With cheerful illustrations and accessible text, this look back at the evolution of equality in sports is for the younger set – which is not to say the book is insubstantial. Gonzales relates the experiences of several notables in the history of female sports pioneers, going back to Melpomene, an athlete who thumbed her nose at the forbidding of women to participate in the first modern Olympics in 1896 by running the marathon anyway. When she wasn’t allowed to finish on the field with the men, she ran the final lap AROUND THE OUTSIDE OF THE STADIUM. Gonzales ends with Little League pitcher Maria Pepe, an eleven-year-old girl who had the support of the New York Yankees in 1972 when New Jersey Little League officials said she could no longer play with boys. A female judge intervened, and New Jersey became the first state to prohibit sex discrimination in Little League – one of several legal advances Gonzales interweaves with the profiles of Melpomene, Pepe, Althea Gibson, Gertrude Ederle, and others. Gonzales effectively peppers her text with motivating language, like a coach giving a pep talk to her players – “valiant warriors,” “a barrier ripe and ready to be broken,” “toe-to-toe,” “stomp, jab, tackle, grind, and SWEAT.” The book concludes with a detailed timeline of milestones for women in sports and an author’s note that puts a truly awesome spin on the phrase “play like a girl.” Gibbon’s artwork is bright and upbeat, showing women and girls competing in sports and marching for equal rights. This is a really great primer on the efforts of women to achieve parity on the court, the field, the track, and in the water, so share it with a group of young athletes and inspire them to yes, play like a girl!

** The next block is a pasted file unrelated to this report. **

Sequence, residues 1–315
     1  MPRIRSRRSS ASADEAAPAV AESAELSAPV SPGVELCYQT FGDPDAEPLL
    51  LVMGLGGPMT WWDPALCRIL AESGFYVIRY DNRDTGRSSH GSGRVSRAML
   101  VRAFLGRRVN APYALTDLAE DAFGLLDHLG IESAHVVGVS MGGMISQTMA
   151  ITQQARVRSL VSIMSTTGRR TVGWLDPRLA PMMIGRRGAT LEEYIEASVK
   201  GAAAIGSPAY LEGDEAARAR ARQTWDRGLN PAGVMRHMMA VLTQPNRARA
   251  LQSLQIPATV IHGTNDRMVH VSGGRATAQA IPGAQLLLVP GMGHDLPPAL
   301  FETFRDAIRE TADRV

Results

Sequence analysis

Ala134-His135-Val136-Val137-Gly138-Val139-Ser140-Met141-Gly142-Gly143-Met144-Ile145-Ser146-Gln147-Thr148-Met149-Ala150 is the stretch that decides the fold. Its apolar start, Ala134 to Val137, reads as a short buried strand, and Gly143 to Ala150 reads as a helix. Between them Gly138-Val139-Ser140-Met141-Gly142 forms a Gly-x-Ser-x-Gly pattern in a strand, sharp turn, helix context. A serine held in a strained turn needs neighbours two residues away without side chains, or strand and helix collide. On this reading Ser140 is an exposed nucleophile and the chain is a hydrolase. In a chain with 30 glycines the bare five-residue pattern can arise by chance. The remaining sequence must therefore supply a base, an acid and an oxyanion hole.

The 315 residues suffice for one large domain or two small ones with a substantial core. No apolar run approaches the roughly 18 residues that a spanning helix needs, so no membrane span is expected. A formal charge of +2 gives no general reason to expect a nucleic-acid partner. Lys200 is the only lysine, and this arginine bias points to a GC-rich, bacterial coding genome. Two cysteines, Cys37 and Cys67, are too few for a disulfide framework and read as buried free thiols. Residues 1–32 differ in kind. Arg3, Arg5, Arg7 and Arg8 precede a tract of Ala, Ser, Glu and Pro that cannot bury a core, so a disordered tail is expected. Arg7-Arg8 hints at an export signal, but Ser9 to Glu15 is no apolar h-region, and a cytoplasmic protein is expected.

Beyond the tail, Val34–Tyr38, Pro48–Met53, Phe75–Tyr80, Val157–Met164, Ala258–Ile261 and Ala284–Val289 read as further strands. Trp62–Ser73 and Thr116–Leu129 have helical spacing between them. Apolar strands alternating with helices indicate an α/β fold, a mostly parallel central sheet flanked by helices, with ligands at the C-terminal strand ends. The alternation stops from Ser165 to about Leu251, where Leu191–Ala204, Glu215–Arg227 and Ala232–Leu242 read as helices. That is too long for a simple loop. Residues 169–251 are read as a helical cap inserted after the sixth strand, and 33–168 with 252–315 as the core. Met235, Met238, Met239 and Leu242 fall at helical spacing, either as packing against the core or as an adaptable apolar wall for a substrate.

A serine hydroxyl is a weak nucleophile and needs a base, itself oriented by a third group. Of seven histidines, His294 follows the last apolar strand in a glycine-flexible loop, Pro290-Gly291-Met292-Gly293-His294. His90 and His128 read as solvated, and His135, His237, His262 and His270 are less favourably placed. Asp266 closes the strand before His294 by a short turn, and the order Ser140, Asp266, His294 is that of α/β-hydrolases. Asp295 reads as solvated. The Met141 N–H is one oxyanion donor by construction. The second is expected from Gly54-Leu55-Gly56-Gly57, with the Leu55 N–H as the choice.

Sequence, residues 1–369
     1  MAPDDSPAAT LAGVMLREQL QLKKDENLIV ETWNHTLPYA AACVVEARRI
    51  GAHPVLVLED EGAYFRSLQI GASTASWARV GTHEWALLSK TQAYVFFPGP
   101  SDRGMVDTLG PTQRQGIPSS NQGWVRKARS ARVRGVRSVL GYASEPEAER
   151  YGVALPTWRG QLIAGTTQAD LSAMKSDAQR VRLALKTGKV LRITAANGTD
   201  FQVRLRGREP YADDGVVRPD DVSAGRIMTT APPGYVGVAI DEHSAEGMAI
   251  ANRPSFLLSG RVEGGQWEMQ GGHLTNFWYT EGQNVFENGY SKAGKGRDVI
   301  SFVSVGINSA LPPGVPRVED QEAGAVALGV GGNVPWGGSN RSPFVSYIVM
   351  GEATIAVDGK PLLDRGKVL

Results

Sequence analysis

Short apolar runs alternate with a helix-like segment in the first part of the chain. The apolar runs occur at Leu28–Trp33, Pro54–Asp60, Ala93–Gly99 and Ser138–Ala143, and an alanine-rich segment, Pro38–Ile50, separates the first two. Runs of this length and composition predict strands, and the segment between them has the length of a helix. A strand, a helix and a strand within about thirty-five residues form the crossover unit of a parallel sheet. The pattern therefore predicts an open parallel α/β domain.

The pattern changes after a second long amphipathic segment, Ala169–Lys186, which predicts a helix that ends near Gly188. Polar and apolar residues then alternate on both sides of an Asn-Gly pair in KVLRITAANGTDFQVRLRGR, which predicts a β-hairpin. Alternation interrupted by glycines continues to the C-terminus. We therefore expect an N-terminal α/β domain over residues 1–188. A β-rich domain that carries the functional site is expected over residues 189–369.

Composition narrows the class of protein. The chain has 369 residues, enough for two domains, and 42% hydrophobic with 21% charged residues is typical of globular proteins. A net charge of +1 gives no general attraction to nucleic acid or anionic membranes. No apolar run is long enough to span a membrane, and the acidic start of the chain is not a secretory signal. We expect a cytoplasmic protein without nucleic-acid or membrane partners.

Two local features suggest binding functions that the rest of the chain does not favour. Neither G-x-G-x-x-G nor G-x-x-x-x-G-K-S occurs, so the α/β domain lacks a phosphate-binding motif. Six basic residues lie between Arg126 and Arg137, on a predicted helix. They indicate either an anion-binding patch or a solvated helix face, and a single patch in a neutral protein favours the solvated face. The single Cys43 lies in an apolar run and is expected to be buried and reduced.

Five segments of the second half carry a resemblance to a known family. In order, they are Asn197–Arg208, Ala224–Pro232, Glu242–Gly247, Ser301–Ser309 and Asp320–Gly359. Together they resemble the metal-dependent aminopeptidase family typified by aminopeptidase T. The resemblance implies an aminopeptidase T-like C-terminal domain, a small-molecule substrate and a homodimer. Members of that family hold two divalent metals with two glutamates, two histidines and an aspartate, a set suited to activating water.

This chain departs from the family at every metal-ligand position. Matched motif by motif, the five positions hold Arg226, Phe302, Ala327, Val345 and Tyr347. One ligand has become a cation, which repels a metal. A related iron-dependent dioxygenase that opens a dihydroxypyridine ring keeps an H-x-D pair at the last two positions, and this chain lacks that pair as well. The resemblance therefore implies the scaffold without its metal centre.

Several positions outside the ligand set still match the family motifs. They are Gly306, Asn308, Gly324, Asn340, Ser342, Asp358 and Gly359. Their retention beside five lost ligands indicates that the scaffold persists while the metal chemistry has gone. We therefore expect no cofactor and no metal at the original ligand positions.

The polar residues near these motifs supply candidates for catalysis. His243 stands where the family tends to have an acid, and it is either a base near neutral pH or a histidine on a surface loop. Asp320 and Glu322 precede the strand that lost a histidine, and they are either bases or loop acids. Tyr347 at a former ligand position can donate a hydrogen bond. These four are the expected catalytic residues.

Published by grandgirl71
I've worked as a youth librarian at the Fayetteville Public Library in Fayetteville, Arkansas, for 13 years. I have been the selector for our juvenile nonfiction collection since I started and really enjoy talking to teachers and other librarians about the best in new juvenile nonfic. Things have gotten even more fun as I have taken on our library's juvenile fiction collection, as well! I also lead a preschool story time, write and direct plays for a small tween acting troupe called PlayAct, coordinate two literacy support programs with therapy dogs and shelter cats, lead a book discussion at an assisted living facility, coordinate after-school workshops, and write puppet shows and skits that my coworkers and I perform. In my previous life, I was an eighth grade language arts teacher. I still get to share my love of words with kids, but I don't have to deal with standardized testing. HUZZAH! View all posts by grandgirl71